Anybody got a cure for a hangover? Because it’s still the morning after in the new Spider-Man movie.
The decade-long Marvel storyline, allegedly wrapped up in “Avengers: Endgame,” continues as a presence in “Spider-Man: Far From Home.” The events of “the Blip,” the “Avengers” concept that wiped out half the population (something I was hoping never to have to think about again), continue to be felt.
And for Peter Parker (Tom Holland), the loss of his mentor Tony Stark (Robert Downey, Jr., glimpsed in various ways) is a major issue. Tony willed Peter a pair of magical eyeglasses, which will play a role in Peter’s expansion of his Spider-Man powers.
Ready for a break from superheroing, Peter is off to Europe with his high-school chums. But cranky Nick Fury (Samuel L. Jackson) keeps pulling him back in.
Seems there’s a global threat in the form of monsters who take the shape of the basic elements. A water fiend threatens Venice, and a fire demon puts the torch to Prague—all while Peter happens to be on tour.
Fury introduces Peter to a new potential father figure, Mysterio (Jake Gyllenhaal, enjoying himself), a visitor from a parallel reality who wants to join what remains of the superhero squad.
In the delightful “Spider-Man: Homecoming,” director Jon Watts made the big battle scenes come to life. Here they go back to being generally boring, in the manner of most Marvel battle scenes, although I liked Mysterio’s goldfish-bowl headgear and the glowing green dome he uses as a protective device.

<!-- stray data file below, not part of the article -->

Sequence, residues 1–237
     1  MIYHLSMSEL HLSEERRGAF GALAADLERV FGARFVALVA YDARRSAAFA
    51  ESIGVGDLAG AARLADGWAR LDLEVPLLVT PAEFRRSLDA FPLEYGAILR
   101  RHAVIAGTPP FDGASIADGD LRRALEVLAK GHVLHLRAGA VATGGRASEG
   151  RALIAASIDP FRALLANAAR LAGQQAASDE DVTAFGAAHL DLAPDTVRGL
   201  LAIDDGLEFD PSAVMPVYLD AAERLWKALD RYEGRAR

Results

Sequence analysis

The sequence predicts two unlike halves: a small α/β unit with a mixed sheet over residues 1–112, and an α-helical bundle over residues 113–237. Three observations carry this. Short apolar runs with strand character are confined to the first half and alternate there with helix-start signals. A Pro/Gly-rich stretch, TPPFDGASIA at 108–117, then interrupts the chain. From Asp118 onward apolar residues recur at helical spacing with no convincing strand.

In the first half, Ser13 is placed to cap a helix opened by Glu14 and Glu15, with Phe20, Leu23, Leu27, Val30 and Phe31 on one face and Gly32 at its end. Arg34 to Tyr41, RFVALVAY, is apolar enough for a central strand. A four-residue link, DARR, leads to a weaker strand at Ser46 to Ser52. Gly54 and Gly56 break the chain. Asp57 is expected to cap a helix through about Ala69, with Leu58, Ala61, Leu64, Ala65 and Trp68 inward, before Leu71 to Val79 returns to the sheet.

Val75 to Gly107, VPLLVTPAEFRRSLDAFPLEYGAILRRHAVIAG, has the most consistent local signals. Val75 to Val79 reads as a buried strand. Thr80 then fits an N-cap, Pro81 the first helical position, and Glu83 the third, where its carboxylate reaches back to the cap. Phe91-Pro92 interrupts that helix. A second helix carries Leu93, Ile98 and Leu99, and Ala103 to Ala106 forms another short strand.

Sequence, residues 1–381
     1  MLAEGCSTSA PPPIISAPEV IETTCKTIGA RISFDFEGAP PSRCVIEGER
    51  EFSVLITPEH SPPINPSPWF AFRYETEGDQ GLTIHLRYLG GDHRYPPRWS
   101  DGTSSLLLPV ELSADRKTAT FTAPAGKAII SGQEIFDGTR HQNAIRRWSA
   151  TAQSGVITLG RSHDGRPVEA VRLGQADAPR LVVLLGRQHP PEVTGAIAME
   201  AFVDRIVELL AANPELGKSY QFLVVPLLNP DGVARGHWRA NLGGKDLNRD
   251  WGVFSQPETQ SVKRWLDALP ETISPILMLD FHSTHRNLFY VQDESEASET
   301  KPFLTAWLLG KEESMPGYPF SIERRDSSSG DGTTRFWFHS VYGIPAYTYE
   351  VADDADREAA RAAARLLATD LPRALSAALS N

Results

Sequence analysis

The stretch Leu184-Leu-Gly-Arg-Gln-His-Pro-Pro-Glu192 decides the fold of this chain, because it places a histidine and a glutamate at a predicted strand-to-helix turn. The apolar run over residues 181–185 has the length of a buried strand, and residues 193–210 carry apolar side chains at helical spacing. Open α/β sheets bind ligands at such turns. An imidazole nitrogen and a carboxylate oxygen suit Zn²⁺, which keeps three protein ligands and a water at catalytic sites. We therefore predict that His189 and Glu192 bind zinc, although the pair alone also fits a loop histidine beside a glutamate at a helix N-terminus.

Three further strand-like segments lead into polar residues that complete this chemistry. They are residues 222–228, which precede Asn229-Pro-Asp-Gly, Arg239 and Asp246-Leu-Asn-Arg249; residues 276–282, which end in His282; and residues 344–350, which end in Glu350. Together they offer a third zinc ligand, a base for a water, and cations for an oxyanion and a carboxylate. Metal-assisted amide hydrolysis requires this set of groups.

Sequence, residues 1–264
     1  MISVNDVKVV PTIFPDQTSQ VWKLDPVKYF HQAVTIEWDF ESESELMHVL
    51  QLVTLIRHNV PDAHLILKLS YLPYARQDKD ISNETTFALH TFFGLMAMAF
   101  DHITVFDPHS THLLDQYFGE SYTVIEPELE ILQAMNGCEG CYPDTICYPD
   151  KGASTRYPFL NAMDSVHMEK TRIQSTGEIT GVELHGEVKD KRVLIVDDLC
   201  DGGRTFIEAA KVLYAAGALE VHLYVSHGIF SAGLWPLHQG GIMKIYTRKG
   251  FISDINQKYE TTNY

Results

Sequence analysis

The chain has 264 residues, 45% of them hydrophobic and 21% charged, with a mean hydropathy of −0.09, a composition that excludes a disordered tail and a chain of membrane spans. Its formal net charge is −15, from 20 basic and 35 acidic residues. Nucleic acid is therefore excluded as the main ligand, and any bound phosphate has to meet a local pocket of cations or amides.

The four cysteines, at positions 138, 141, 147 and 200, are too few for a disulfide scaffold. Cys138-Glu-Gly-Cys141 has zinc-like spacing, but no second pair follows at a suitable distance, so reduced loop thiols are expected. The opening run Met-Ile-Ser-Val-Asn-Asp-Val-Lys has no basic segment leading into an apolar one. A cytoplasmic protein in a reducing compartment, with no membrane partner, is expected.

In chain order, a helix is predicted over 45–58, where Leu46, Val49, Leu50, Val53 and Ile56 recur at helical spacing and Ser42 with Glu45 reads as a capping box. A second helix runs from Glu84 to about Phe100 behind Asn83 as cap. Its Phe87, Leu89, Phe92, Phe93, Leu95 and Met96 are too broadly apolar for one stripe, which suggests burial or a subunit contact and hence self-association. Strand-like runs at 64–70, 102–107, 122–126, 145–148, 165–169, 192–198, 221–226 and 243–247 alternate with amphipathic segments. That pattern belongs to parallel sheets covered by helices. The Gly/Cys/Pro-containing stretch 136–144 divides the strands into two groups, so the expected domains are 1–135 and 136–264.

The movie’s action beats seem more tiresome than usual because they drag us away from the winning interplay between the teens. Peter’s puppy love for MJ (the very engaging and non-actory Zendaya) continues, while best pal (Jacob Batalon) pairs off with a classmate (Angourie Rice) and the hostile Flash (Tony Revolo) remains belligerent.
There’s also a nice piece of business involving Stark’s aide Happy Hogan (Jon Favreau) and Peter’s Aunt May (Marisa Tomei). Anything, really, to make Peter squirm with embarrassment.
The comic high point comes at the very beginning, when the events of “Endgame” are summarized in an amateurish high-school video, complete with disastrous low-resolution illustrations. Whenever the young actors are required to carry off these jokes, the movie clicks.
It doesn’t have the zing of “Homecoming,” and Peter’s hand-wringing about keeping up with the Avengers is overdone. Especially because we have a feeling he’ll be headlining a few blockbuster movies in the future.
I hope those movies keep it funny. If the “Avengers” thread got weighed down by its self-importance, the “Spider-Man” movies have a chance to thrive with teen comedy—for as long as its twentysomething actors can pull it off, I guess.
“Spider-Man: Far From Home” (3 stars)
Not as giddy as “Spider-Man: Homecoming,” but a generally funny outing for Peter Parker (Tom Holland) and a new potential superhero father-figure (Jake Gyllenhaal). The only real problem here is the hangover from the previous “Avengers” films, which keep tugging at this movie’s otherwise zesty spirit.
Rating: PG-13, for violence
Opening: Alderwood, Alderwood Mall, Everett Stadium, Marysville, Galaxy Monroe, Cinebarre Mountlake Terrace, Stanwood Cinemas, McMenamins Anderson School, Woodinville, Thornton Place, Oak Tree, Seattle 10, Cascade Mall